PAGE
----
If the Trump administration follows this approach of using more existing systems and weighting cost and speed more heavily than seems to have been the case to date, it could set up a great long-term story: bringing in the new-generation Air Force One not just on time and on budget, but ahead of the old schedule for substantially less money.  If this is the approach taken, expect Trump to highlight every step of the process, perhaps even visiting the Assembly Building to thank the workers building the plane and providing irresistible images. (snip)

This dramatic storyline of Air Force One is exactly what is needed to change the behavior of Pentagon weapons buyers.  They need to weigh costs more heavily into the equation and eschew all the fun of pushing the state-of-the-art.  New procedures and other changes from above are one thing, but getting buy-in from the operating staff is important.  The Air Force One model could become a very valuable tool in changing the culture of weapons procurement.  In addressing military culture, which values leadership by example, Trump’s use of the president’s private craft as the example of how to wring out costs is sheer genius.  If this all plays out as predicted here, The Air Force One Story will be far more than a personal media stunt; it will serve as an effective tool of reform of our military.

I expect the scenario to play out exactly as I described it. Mr. Muilenburg is already playing out Act One a scripted by Donald Trump, the master of reality television.

President-Elect Trump’s meeting with the chief executive of Air Force One primary contractor Boeing went exactly as I predicted on December 8.  The PEOTUS has set the stage for a symbolically important drama that instructs other government contractors, especially defense, that a new sheriff is in town, and cost is now a serous consideration that will be closely monitored. And for the voters, the lesson is already clear and will be dramatized vividly in the second and third acts to follow. The days of wasteful spending enriching insiders are over.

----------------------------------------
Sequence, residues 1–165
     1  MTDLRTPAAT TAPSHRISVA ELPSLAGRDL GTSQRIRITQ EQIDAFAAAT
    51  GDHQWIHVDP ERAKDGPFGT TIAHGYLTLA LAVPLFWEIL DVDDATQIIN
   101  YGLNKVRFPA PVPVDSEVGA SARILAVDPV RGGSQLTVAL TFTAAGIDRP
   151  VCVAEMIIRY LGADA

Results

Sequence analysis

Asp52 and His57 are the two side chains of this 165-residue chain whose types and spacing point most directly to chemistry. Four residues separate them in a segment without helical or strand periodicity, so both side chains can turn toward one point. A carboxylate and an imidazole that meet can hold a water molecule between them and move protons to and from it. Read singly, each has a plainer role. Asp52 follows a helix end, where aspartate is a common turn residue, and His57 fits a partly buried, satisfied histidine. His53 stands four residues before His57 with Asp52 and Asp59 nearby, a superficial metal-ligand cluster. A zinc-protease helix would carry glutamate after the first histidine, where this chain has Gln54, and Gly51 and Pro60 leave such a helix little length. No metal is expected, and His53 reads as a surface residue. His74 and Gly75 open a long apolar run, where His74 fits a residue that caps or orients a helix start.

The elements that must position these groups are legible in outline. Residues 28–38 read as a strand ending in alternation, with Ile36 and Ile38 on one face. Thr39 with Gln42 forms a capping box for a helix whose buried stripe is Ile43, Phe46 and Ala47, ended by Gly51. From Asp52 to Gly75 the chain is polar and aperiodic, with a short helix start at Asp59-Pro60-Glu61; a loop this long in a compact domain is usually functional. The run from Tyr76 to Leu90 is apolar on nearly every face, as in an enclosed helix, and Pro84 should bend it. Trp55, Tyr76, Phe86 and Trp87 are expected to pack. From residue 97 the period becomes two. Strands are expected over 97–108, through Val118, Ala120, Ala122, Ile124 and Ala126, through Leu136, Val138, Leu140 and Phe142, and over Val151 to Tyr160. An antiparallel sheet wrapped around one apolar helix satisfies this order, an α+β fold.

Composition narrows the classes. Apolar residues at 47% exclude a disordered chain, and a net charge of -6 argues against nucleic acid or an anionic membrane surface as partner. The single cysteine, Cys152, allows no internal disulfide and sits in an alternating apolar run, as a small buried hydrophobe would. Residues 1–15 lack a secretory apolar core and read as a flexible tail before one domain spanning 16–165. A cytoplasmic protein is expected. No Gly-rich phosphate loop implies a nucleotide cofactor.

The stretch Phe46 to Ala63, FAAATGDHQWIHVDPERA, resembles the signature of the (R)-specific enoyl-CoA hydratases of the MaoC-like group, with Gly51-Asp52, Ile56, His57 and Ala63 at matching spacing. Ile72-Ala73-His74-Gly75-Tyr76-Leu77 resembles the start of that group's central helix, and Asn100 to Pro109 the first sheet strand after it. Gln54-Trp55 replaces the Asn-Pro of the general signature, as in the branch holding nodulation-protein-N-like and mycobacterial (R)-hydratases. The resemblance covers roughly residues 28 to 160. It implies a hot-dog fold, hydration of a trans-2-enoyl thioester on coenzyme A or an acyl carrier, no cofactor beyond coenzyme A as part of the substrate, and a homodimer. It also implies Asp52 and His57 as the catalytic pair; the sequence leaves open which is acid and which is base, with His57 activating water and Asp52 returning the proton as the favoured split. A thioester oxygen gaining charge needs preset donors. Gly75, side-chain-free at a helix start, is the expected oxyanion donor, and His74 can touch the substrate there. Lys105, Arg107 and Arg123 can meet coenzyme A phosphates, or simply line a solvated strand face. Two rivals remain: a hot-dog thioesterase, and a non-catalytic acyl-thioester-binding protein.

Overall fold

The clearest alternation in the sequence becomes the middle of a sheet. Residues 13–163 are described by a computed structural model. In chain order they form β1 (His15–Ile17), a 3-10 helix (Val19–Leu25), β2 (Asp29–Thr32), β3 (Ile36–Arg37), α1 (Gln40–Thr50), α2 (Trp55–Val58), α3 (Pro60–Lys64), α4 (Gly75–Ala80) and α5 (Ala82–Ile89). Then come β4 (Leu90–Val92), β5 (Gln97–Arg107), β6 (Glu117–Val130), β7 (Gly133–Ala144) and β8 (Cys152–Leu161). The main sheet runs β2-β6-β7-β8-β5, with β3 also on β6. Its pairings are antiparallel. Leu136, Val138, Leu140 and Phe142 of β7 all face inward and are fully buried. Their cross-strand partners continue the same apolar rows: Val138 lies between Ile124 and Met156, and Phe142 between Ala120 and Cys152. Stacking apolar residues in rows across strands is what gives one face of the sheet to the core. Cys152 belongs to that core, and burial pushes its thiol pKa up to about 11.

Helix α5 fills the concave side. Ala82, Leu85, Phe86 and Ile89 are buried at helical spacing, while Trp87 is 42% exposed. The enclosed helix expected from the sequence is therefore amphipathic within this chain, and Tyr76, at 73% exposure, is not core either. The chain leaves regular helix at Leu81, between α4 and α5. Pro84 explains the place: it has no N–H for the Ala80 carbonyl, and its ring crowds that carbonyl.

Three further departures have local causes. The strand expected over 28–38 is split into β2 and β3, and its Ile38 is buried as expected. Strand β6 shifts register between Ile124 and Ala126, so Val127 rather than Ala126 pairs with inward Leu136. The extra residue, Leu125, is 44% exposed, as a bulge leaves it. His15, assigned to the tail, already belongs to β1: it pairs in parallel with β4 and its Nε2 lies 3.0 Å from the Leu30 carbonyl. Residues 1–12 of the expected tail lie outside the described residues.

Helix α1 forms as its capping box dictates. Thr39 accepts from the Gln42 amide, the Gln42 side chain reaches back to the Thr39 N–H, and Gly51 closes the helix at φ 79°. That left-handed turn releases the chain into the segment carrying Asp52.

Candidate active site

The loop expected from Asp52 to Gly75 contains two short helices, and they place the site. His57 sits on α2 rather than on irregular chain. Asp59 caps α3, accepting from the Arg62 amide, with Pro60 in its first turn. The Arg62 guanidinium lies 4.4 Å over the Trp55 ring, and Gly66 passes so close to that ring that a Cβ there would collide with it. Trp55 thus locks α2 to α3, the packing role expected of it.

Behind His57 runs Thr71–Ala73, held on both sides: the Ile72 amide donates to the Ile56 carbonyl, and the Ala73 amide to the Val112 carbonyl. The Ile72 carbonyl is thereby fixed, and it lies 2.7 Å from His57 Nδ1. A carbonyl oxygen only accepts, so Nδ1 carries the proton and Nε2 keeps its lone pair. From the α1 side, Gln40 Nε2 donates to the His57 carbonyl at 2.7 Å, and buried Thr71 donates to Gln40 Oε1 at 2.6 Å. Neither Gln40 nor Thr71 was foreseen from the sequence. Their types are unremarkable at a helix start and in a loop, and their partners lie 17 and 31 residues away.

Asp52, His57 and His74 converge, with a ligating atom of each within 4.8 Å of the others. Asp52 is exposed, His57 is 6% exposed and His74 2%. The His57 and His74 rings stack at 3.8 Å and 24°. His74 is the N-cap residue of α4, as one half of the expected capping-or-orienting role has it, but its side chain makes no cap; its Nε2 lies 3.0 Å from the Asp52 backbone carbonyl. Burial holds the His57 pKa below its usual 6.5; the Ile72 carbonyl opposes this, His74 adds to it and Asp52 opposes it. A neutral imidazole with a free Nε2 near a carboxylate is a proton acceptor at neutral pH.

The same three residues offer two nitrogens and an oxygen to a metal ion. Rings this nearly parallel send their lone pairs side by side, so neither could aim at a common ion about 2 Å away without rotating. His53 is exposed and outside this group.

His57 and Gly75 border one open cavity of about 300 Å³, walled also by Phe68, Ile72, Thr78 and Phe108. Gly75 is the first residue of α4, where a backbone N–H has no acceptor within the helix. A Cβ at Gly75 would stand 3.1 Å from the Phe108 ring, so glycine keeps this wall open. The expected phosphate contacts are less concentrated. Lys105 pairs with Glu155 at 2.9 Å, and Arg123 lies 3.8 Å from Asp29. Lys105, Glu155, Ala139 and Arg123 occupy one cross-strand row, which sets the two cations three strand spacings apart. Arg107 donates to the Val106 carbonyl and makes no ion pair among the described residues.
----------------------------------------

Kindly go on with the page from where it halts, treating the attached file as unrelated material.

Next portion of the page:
Watch this video from the Associated Press, featuring Boeing CEO Dennis Muilenburg leaving from his meeting with Trump at Mar a Lago, and fully endorsing Trump’s initiative to cut costs from the Air Force One project:

As I outlined almost 2 weeks ago, the project can be brought in under budget and ahead of schedule by following Trump’s established pattern of behavior in past triumphs – in particular his Wollman Rink achievement in quickly and economically completing a job that the New York City government was unable to handle competently:

Trump wants to use the basic approach he used when he saved the foundering Wollman Rink project in Central Park.  Instead of the advanced technology chosen by the city’s officials (Freon circulated in expensive and fragile copper pipe – in the name of energy savings), Trump brought in much cheaper established technologies (circulating brine) that used a little more energy but were reliable.  Trump also got the advice and help of the best people in the business of building ice rinks.  Trump brought in the project in four months and 25% under budget, not the two years the city had planned for its next attempt to finish the rink six years after it had been closed for renovations.